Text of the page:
9 months ago

020318_Hurghada SECAP_FINAL

4.2.4. Tertiary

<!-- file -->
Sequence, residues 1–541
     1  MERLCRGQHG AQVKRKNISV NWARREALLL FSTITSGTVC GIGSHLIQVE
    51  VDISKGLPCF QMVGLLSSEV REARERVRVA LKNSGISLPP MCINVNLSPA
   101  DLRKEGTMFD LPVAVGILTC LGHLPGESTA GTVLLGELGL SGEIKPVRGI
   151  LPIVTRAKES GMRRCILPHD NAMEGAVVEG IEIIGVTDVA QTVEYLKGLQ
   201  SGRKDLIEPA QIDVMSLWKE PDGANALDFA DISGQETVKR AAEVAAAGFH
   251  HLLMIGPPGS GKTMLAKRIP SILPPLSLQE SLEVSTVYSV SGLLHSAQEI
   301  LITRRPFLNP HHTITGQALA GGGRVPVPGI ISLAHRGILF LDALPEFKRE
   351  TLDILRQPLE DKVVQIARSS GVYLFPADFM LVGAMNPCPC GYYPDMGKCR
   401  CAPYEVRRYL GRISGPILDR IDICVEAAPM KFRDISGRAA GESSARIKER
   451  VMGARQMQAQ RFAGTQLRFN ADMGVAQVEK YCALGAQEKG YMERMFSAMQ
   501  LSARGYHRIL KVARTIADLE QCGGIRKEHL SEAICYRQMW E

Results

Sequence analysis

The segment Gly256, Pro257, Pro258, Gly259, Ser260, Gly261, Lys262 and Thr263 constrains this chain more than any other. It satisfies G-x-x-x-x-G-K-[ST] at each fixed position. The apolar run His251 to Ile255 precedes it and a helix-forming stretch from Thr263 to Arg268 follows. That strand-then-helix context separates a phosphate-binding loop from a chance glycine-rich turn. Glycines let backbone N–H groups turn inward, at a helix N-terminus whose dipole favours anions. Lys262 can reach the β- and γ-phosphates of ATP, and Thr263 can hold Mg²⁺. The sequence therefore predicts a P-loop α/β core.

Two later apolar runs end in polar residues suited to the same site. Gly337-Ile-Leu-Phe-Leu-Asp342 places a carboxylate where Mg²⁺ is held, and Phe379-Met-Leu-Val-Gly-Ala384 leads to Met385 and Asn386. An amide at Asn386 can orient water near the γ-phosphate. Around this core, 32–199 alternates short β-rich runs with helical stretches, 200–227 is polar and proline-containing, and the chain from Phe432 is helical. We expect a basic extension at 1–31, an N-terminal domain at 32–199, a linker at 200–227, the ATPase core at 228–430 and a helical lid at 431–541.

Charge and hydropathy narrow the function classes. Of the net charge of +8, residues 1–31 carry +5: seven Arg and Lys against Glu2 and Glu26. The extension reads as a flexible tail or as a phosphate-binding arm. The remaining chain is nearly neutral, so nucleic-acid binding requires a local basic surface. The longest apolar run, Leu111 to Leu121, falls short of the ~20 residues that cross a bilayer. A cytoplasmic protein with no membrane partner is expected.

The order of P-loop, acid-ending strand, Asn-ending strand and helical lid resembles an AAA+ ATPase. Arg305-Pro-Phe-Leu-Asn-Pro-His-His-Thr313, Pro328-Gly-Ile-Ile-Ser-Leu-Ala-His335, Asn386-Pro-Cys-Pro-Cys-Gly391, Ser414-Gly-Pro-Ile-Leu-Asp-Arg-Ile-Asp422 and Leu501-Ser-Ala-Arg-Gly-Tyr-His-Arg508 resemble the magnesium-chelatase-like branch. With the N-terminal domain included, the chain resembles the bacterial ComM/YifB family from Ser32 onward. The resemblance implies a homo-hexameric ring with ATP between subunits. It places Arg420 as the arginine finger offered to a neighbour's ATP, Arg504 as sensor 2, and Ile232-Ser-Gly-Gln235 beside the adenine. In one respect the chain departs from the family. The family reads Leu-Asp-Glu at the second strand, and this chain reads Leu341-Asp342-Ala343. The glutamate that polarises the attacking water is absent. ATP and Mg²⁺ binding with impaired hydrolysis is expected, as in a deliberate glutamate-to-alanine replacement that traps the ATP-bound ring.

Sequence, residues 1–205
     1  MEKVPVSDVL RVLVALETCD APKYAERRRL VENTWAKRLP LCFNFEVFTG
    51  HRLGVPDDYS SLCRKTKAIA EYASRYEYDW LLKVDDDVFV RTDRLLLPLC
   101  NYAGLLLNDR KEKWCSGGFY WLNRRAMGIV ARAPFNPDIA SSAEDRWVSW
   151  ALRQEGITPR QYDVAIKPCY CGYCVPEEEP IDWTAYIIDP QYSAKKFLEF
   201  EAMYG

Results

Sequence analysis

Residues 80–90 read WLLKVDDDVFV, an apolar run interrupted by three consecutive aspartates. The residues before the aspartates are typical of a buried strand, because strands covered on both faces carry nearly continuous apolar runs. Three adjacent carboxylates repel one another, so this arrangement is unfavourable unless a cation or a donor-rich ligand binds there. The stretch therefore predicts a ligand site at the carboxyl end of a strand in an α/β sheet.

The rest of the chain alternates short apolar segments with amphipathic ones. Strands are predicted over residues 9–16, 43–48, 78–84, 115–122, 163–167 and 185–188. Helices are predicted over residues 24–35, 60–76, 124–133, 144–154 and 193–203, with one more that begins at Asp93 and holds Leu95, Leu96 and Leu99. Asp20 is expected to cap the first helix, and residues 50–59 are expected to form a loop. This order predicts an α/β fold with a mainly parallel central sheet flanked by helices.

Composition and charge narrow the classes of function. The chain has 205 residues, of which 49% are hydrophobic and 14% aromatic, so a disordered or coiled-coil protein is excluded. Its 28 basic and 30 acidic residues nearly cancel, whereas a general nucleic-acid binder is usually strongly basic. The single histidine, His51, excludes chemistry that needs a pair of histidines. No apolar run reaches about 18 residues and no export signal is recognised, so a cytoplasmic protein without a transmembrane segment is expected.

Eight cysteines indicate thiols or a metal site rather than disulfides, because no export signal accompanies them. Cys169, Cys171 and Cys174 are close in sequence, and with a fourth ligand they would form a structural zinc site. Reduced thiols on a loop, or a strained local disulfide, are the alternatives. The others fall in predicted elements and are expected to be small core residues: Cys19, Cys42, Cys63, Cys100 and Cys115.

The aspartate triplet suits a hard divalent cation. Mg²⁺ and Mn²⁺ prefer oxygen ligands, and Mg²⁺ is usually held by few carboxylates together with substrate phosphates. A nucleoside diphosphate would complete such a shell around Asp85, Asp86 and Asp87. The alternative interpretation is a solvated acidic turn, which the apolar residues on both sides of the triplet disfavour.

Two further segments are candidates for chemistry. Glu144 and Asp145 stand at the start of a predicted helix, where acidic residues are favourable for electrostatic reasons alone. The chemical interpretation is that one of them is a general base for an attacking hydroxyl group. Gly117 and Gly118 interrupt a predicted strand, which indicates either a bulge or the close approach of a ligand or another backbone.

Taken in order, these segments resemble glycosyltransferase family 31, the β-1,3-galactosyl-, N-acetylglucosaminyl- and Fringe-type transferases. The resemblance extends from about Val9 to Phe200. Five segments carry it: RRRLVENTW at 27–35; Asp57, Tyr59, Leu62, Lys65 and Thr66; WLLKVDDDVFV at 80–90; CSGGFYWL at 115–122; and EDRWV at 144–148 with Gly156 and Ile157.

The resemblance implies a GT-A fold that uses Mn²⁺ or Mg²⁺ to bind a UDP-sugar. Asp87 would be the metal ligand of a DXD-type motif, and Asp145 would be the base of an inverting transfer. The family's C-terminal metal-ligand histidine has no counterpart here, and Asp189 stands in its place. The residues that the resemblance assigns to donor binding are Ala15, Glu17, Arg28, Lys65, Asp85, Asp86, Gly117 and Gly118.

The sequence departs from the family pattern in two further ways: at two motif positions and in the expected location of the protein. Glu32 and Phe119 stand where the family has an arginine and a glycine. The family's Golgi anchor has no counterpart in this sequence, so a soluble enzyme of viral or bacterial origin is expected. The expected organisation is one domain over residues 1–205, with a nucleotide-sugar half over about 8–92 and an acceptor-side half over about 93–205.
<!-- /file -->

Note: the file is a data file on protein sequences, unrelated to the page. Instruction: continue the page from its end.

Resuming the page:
4.2.4. Tertiary buildings Current situation Tertiary buildings are considered in two different categories: buildings owned and managed by the Governorate and other buildings (shops, offices, public administration buildings - different from the Governorate ones, educational facilities, hotels, restaurants, banks and other service industries, health centres and hospitals, sport or cultural facilities, leisure equipment’s, religious buildings, etc.). Governorate buildings and street lighting have already been addressed in previous sections dedicated to the direct scope of responsibility of the Governorate. We are here looking “nongovernorate” tertiary buildings. The tertiary buildings’ sector is the fourth sector in terms of energy consumption with 303 GWh/year (8%) and 157 k tCO2eq/ year GHG emissions (an equivalent to 11%) in 2015. Possible actions Addressing the tertiary sector is always complex. The action plan should make a distinction between tertiary buildings owned by entrepreneurs who can see a direct benefit in energy savings, as this will increase their profitability, and tertiary buildings owned or managed by groups that don’t have a direct interest in cutting costs. Entrepreneurs will be sensitive to an awareness campaign highlighting the financial benefit of any effort to improve building efficiency. Instead, other groups will be more interested in the symbolic value of contributing to the energy transition in the City of Hurghada. It is necessary as a first step to properly assess the need through a detailed mapping of tertiary buildings, registering average energy consumption per square meter, date of construction, location. This will help targeting buildings offering the best potential for saving. It is important to note the importance of tourism infrastructures in the city of Hurghada and the efforts dedicated towards greening the tourism sector will seemingly pave the ground for a dynamic change in the tertiary sector. Hence the action plan could be structured with two components: Private entrepreneurs and services - Unroll a vast awareness raising campaign among entrepreneurs to invite them to invest in energy efficiency in their building (air conditioning system, efficient lighting, etc.). The awareness could be built on the same model developed for the residential buildings, - Offer them technical support (using the Green tourism plan mentioned earlier) to speed up change in their tertiary building, and - Reward the more effective efforts offering official support and media coverage. Non-commercial services’ providers - The Governorate should develop partnerships with some of these “services’ providers” to develop showcases of efficient buildings also using renewable energy, and - Promote energy efficiency in hospitals and health centres, offering the possibility for these institutions to use savings for re-investing in improving their capacity to deliver services. Expected results Assumptions: - Awareness raising and specific training of premises’ managers results in 30% cut in 50% of the buildings. - Specific actions on commercial buildings can lead to 50% reduction in 50% of these buildings, which are considered to represent 20% of the overall sector. 58